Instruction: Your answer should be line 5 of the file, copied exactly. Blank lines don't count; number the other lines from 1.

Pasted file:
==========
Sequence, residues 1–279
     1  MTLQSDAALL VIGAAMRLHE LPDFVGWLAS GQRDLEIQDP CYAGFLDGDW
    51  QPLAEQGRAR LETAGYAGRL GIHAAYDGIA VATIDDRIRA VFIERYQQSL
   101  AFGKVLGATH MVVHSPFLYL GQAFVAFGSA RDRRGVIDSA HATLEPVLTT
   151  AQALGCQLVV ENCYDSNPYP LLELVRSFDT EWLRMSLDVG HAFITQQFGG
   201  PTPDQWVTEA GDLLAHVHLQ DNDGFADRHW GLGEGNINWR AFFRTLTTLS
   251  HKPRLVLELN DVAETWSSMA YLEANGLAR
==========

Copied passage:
   151  AQALGCQLVV ENCYDSNPYP LLELVRSFDT EWLRMSLDVG HAFITQQFGG